Tuesday, May 17, 2011


As I sit here typing this, I am totally and completely full of panic....my stomach is twisted and tense, I can't stop biting my bottom lip (a la Kristen Stewart in Twilight...lolol), I have never been this scared before in my life. I just dropped Emma off at school. Today is pump start day (everytime I say that, I feel like I should have some guy standing behind me blasting a trumpet or something) and we went to the hospital first thing this morning for her to get hooked up. As usual, I pulled out my best "material" and tried to make Emma laugh the whole way there just to ease some of her stress and fear. Little did she know that I was freaking out on the inside too. That is yet one more thing diabetes has taught me...how to be funny and make her laugh while on the inside I feel like I am one slight breeze away from slipping off the edge into crazy town. Anyway, we parked the car and made our way inside. As we walked along, I glanced down at Emma. I was taking a mental image of her in that particular moment in time...I wanted to remember what she looked like...i wanted to remember what my little girl...my heart...my soul...my reason for breathing...looked like for the last time without a pump attached to her. (UGH...here come the tears...it's hard to type with tears falling and blurring my vision!) It all came crashing down on me that I would never again see her without the pump. I would never again see her looking the same way. From this moment on, she would always have tubing attached to her and a pump clipped to her belt. It makes my whole heart hurt.
We walked into the nurses office and sat down in the same chairs we sat in when I had to give her her first insulin pen injection on the day she was diagnosed. What a full circle moment for me...nearly 3 years ago I sat there feeling the exact same fear and worry and stress. I talked with the nurse and prepared the infusion set with shaking hands. I was aware that Emma was watching me very carefully...I felt like she was trying to see if I was scared too...I felt an enormous amount of pressure to take a deep breath and steady my hands just so I could put her mind at ease and make her realize that her Mommy was confident (even though I wasn't) and that her Mommy would make all of this ok.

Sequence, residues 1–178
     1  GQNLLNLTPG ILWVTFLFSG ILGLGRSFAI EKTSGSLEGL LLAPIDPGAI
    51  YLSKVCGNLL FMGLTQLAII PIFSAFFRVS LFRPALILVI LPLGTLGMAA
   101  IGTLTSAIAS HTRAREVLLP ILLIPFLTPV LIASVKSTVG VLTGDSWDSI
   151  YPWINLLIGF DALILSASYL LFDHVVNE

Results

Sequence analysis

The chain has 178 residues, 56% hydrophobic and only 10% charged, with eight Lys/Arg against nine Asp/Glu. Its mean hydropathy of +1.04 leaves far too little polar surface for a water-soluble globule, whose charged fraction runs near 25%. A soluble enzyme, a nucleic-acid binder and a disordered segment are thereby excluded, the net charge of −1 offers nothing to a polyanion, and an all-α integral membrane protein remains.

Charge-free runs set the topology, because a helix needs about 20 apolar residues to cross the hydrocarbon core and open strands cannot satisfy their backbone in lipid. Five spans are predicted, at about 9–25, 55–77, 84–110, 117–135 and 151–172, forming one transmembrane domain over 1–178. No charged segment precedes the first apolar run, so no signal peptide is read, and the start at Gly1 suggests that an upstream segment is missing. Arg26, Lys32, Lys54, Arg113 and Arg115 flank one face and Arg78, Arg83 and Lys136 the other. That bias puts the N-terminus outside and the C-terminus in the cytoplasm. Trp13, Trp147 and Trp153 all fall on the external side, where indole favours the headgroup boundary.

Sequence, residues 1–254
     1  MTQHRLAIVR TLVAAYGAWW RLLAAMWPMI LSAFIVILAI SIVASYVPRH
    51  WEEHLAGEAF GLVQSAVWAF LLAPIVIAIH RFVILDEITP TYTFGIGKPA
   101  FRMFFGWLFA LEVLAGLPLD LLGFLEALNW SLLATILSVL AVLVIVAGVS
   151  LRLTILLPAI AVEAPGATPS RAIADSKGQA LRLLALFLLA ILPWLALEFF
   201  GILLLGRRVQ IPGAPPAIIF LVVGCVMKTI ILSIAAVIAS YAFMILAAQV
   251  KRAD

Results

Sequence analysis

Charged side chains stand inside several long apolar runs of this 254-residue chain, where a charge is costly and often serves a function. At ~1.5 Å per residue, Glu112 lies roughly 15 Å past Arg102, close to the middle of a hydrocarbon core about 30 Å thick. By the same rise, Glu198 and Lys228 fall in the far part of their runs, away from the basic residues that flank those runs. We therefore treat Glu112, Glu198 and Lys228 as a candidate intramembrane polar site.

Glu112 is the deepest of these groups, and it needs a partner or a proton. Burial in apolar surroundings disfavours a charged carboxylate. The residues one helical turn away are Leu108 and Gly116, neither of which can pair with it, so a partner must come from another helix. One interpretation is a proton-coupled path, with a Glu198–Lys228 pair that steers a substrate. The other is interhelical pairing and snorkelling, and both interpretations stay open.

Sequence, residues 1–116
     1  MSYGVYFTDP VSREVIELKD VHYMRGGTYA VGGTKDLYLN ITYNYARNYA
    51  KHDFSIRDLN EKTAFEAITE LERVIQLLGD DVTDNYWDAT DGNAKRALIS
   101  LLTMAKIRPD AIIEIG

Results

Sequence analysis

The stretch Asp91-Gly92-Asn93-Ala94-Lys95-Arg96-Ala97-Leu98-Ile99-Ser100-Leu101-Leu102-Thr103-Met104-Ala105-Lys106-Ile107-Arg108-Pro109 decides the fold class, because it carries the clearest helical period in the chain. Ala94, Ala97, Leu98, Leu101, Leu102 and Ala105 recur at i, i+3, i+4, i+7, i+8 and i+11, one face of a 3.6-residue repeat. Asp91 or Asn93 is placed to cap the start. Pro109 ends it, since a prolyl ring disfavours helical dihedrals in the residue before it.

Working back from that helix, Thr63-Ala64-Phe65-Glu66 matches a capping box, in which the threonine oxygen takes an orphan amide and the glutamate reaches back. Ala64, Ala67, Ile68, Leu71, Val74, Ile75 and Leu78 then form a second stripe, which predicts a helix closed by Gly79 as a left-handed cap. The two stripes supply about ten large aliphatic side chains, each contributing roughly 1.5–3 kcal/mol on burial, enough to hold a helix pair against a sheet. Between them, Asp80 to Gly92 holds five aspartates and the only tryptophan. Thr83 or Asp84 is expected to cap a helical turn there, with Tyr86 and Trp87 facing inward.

Emma barely shed a tear when I put the infusion set on. In fact the thing that bothered her the most was the sticky skin-tac stuff I had to use on her belly...she didn't like how her shirt kept sticking to it. I know I have said it many times before, but she is my hero. I looked at her standing there...pump attached now...and I realized that I will probably live the rest of my days here on this Earth and not ever come close to having as much strength and bravery as she does. She is amazing to me. I never knew what it meant to really love or to really be proud or to really admire someone until I had her.
We left the hospital giving each other high fives and giggling about random things we usually talk about. We went home and I gave her lunch...she bolused herself...it felt so strange to me to not give her a needle. In fact it still feels strange to me...i feel like I have forgotten to do something...I feel like I am doing something wrong. It is definitely going to be a hard habit to break in not giving needles. I LOVE not giving them to her, but it will be hard to let that go. When lunch was finished I drove her to school and dropped her off. I explained and stressed to her how important it is to make sure to pay attention to her body and catch the possible lows and highs. I told her how important it is that she needs to speak up and tell her teacher or another adult immediately if she feels "off'. I kissed her sweet little face goodbye and told her how much I love her and how much I am proud of her. I watched her run off on the playground to join her friends at lunch recess. And now here I sit...having an inner battle with myself...trying to fight off the terror and worry...tell myself that it will be ok...she will be fine...worried that she won't be...worried that she will be low and pass out...worried that something horrible will happen and the last kiss goodbye I gave her was actually the last one....I love the pump, but I hate diabetes...I hate what it does to us and I hate how it makes me feel when she's not with me. I hate being scared and feeling like I have no control over anything. Ugh....here I sit watching the clock keep moving ahead...slowly....
I can do this...I can do this...I have to do this...I have to do this...I WILL do this...my baby will be fine.


  1. Oh, I had chills when I started reading this; breathed that deep breath with you; and was shaking my head in agreement the whole time!!
    Yes, it totally feels like you've forgotten something for those first few 'needle-free' days.
    Bean went back to school after her first pod-day for an after-school activity and Ubergeek and I were there the whole time just kinda lurking because we didn't want to take our eyes off of her. I'm totally impressed you are at home!!!
    It's an adjustment, one I feel it totally worth it. :)

  2. I am smiling. You will do fine. She will do fine. You can handle this, no problem. And...if you get stuck or need an ear...you have all of us. xoxo

  3. I felt as though I were there with you this morning. What a moving post! So full of love!

    I know this is a huge transition. You will do great. Emma will do great. It will all work out, you'll see. (((HUGS)))